The most accessible portion of Lacassine National Wildlife Refuge is the 16,000-acre impoundment known locally as “the Pool.” It’s a wonderful place to find ducks, geese, hawks, egrets, herons, and alligators, and best of all, it’s quiet and relaxing. The wildlife drive takes visitors about six miles through the protected marsh. Lacassine is a remote refuge. On most days, you may see only a few people traveling the raised levee roads.
A few hundred thousand ducks winter on the refuge. Lacassine hosted more than 100,000 Northern Pintails in winter in the 1980s, but the numbers today are only about 18,000, reflecting a downward trend for the species across North America. In addition to pintails, expect to see teal, Northern Shoveler, Gadwall, Mottled Duck, Canvasback, and Redhead, among others.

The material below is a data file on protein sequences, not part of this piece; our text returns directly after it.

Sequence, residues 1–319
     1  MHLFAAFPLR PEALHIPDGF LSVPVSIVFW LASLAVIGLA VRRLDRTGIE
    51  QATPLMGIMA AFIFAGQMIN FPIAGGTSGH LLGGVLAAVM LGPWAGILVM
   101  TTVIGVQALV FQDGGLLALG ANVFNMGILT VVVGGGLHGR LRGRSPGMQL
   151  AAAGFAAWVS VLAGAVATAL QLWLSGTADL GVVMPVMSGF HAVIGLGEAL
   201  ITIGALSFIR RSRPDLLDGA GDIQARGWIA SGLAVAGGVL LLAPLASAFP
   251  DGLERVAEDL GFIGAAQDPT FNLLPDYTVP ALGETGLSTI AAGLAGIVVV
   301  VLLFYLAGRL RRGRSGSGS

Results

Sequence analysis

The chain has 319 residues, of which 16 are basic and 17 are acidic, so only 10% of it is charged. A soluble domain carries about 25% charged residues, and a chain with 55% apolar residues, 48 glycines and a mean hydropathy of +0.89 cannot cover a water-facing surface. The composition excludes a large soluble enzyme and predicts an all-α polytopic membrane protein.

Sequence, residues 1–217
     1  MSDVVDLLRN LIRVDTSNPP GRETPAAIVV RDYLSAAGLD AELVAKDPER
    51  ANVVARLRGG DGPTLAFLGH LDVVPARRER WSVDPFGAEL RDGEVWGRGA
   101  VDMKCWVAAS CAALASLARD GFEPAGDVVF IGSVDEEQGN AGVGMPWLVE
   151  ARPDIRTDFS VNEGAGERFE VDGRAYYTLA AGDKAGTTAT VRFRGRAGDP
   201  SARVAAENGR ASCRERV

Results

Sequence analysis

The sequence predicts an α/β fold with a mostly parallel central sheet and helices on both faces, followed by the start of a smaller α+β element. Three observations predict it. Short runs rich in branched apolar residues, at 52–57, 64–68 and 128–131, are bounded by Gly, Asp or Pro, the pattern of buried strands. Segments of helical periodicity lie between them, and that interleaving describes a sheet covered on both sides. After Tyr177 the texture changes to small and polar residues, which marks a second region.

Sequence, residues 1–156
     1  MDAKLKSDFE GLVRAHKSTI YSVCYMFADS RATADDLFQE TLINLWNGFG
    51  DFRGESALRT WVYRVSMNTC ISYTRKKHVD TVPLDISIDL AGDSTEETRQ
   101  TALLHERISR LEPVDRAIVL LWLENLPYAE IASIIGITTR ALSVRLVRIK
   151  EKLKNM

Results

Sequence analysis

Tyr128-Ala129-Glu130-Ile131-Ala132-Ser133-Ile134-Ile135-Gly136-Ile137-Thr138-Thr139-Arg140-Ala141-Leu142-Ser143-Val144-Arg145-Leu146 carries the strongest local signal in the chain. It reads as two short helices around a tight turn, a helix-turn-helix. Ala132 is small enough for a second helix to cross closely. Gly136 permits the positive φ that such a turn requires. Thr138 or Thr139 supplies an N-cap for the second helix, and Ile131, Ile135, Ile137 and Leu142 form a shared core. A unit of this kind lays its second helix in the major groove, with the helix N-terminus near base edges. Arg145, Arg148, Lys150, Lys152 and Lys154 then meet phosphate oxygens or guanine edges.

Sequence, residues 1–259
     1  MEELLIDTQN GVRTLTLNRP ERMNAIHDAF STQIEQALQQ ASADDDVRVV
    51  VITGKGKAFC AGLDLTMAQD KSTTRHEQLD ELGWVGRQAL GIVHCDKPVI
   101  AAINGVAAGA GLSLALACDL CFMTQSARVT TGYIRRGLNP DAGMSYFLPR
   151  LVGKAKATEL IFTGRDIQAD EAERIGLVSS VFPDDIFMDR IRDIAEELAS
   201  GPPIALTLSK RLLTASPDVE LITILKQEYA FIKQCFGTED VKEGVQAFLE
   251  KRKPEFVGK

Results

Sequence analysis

Peak season starts in December and extends well into February. It’s thrilling to see and hear large flocks of geese rising up and descending in the fields and to find thousands of ducks spread out over the Pool. On the east side, a raised platform overlooks the miles of marsh; a stationary scope is located here. The tranquility, many species of birds, and lack of human occupation bring me back to the refuge every winter. — John Phillips, Jr.
John Phillips, Jr. is a wildlife photographer. He wrote about Smith Oaks Bird Sanctuary, High Island, Texas, Hotspot Near You No. 153, in February 2013.